The profit before tax generated by the CEE Division in the first half of 2011 amounted to EUR 762 million, up by a substantial 36.5 per cent from the comparative figure for the first half of the previous year (H1 2010: EUR 570 million). This growth reflects a strong operating performance in customer business, with operating income exceeding the previous year's level by 4.1 per cent, and the 17.8 per cent decline in net write-downs of loans and provisions for guarantees and commitments. The cost/income ratio was 46.5 per cent (H1 2010: 46.1 per cent).
Within UniCredit, Bank Austria is the sub-holding company for operations in the region of Central and Eastern Europe. Its banking network comprises more than 2,700 branches and about 51,000 employees4 in 18 countries. The Group continues to see itself as a long-term investor in the CEE region and aims to expand its leading market position through sustained organic growth in the coming years.
The economic recovery in the countries of Central and Eastern Europe continued in the first six months of 2011. In many countries, growth is driven by a stronger export performance, while domestic demand is recovering more slowly in some markets. Turkey, Kazakhstan and Ukraine showed a stronger economic performance than other CEE countries. Slower global growth has so far had only a small impact on economic trends in CEE. Overall, Central and Eastern Europe is expected to achieve economic growth of 4.4 per cent in 2011, matching the growth rate experienced in the previous year and outperforming the economy in Western Europe.
"The CEE region is currently facing a number of challenges ranging from the government debt crisis in peripheral countries of the euro area all the way to inflation. Nevertheless, asset quality has continued to return to normal, a development which is reflected in significantly lower provisioning charges. In this environment our CEE banking subsidiaries achieved a strong operating performance in customer business while focusing on cost discipline and risk management, and generated a profit before tax which was about 34 per cent higher than in the same period of the previous year. Russia and Croatia, in particular, performed very strongly," says Gianni Franco Papa, Bank Austria's Deputy CEO and Head of the CEE Division.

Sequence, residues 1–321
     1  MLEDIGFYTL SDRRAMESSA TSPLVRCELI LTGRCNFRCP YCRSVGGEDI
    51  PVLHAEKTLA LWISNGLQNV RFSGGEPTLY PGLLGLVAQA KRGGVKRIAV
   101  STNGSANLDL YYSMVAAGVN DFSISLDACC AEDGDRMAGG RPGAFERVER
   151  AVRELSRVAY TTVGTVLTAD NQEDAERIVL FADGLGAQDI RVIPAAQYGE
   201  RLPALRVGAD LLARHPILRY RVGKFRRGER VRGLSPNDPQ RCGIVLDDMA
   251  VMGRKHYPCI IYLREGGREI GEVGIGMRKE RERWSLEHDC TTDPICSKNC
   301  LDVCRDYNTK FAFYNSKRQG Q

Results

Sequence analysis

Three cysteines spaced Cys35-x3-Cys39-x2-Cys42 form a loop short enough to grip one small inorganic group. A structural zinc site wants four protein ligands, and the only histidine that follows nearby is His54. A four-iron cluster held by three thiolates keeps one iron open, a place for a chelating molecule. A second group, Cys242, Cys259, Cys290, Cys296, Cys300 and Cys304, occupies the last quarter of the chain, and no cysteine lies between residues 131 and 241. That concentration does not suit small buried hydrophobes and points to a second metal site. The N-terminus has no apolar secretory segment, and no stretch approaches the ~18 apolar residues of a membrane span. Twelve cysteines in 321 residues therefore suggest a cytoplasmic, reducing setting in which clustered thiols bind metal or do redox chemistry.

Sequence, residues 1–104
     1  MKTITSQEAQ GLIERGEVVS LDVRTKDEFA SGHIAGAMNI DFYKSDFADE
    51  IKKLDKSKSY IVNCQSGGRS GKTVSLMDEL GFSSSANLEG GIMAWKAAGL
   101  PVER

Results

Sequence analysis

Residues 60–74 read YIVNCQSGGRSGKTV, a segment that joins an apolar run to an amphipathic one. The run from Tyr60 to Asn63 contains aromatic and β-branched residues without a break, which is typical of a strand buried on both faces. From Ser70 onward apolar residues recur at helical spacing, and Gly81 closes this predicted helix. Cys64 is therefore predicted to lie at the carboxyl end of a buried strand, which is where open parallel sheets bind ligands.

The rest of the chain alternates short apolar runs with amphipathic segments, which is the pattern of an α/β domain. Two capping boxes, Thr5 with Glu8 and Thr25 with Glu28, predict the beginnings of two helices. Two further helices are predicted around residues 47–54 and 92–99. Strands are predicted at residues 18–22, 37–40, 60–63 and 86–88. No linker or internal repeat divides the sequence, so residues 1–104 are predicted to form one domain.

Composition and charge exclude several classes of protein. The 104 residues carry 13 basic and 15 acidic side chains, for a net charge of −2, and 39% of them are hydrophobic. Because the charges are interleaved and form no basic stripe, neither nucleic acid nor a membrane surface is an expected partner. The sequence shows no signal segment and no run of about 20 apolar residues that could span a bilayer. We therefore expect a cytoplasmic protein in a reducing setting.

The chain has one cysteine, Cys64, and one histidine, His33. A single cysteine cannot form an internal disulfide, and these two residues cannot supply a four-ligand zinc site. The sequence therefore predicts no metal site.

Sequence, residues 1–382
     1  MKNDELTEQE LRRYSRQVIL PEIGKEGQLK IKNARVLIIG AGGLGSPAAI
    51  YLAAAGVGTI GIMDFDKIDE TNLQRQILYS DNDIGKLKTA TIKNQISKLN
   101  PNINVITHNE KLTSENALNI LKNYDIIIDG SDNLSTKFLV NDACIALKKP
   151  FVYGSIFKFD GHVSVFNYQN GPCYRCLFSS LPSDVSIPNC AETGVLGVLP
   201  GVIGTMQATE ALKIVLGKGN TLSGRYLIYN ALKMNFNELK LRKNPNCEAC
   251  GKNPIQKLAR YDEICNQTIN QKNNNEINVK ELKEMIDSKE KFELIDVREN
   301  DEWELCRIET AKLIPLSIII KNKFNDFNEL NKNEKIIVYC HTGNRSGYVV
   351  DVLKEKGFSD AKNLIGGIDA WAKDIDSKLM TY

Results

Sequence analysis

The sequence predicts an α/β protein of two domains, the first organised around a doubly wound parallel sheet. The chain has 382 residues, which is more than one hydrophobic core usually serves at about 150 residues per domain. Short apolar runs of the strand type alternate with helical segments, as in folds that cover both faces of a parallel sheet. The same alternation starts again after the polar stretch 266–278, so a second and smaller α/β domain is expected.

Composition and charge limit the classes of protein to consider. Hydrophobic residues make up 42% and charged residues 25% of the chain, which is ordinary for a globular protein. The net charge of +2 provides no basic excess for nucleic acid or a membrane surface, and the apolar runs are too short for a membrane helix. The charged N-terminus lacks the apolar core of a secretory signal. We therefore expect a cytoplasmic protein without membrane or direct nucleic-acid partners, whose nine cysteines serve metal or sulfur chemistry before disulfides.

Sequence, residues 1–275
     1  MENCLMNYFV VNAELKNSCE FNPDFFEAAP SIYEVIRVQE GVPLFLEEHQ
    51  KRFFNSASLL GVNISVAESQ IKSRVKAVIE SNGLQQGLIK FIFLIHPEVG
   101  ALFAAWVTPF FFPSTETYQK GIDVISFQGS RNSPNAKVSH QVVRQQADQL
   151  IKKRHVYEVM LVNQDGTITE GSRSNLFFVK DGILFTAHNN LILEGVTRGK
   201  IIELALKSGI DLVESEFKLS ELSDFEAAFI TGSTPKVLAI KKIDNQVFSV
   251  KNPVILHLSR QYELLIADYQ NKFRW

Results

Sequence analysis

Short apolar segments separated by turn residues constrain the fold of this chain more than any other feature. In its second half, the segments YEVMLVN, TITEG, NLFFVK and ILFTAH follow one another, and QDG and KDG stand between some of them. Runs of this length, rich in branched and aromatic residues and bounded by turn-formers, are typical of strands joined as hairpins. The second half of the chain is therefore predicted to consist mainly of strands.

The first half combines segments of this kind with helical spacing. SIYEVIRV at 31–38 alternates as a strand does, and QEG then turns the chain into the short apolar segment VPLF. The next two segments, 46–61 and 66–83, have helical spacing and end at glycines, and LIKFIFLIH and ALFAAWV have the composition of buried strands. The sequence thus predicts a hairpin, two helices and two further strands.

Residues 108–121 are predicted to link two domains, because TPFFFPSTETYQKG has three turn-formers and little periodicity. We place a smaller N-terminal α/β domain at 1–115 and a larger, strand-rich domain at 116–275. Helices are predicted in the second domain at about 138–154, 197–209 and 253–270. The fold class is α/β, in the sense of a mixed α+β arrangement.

Statement of financial position
Bank Austria's total assets as at 30 June 2011 were EUR 193.8 billion, a slight increase over the end of the previous year (31 December 2010: EUR 193.0 billion).
On the assets side, loans and receivables with customers amounted to EUR 131.6 billion at the end of June 2011, up by 1.2 per cent on year-end 2010 (31 December 2010: EUR 130.1 billion). Loans and receivables with banks declined slightly, by EUR 0.4 billion to EUR 19.4 billion (31 December 2010: EUR 19.8 billion).
On the liabilities side, deposits from customers declined by EUR 2 billion to EUR 98.2 billion (31 December 2010: EUR 100.3 billion), while debt securities in issue rose by EUR 2.9 billion to EUR 30.5 billion (31 December 2010: EUR 27.6 billion). Primary funds – i.e. the sum total of deposits from customers and debt securities in issue – totalled EUR 128.7 billion or 66 per cent of total liabilities and equity. This means that loans and receivables with customers were almost fully covered by primary funds.
The loan/deposit ratio is currently 134.0 per cent (31 December 2010: 129.7 per cent).
Equity increased by 3 per cent to EUR 18 billion compared with the end of 2010 (31 December 2010: EUR 17.5 billion).
Capital ratios as at 30 June 2011 remained at the high year-end 2010 levels. The Tier 1 capital ratio based on credit risk was 11.66 per cent (31 December 2010: 11.68 per cent). The Tier 1 capital ratio based on all risks was 10.34 per cent (31 December 2010: 10.35 per cent) and the Core Tier 1 capital ratio – Tier 1 capital without hybrid capital – based on all risks was 10.02 per cent (31 December 2010: 10.04 per cent).
Staff numbers in the Bank Austria Group including the employees of UniCredit Group subsidiaries5 in Austria totalled 62,318 (FTEs) as at 30 June 2011 (30 June 2010: 62,545 FTEs). Of this total, 10,823 FTEs were employed in Austria and 51,495 FTEs in CEE countries.
tables (PDF; 569 KB)
|1||Including the former CAIB in Vienna|
|2||To ensure comparability, the figures for the first half of 2010 have been adjusted to reflect the sale of CAIB in the previous year|
|3||Following the sale of CAIB, the item "Net trading, hedging and fair value income" includes the participation in profits of the Markets product line of UniCredit's CIB Division.|
|4||Figures without Poland|
|5||Administration Services (now UniCredit Business Partner), Pioneer Investments Austria, WAVE (now integrated in UGIS), UniCredit Leasing and UniCredit CAIB were transferred on an intra-group basis.|
Enquiries: Bank Austria Media Relations
Martin Halama, tel. +43 (0) 50505 - 52371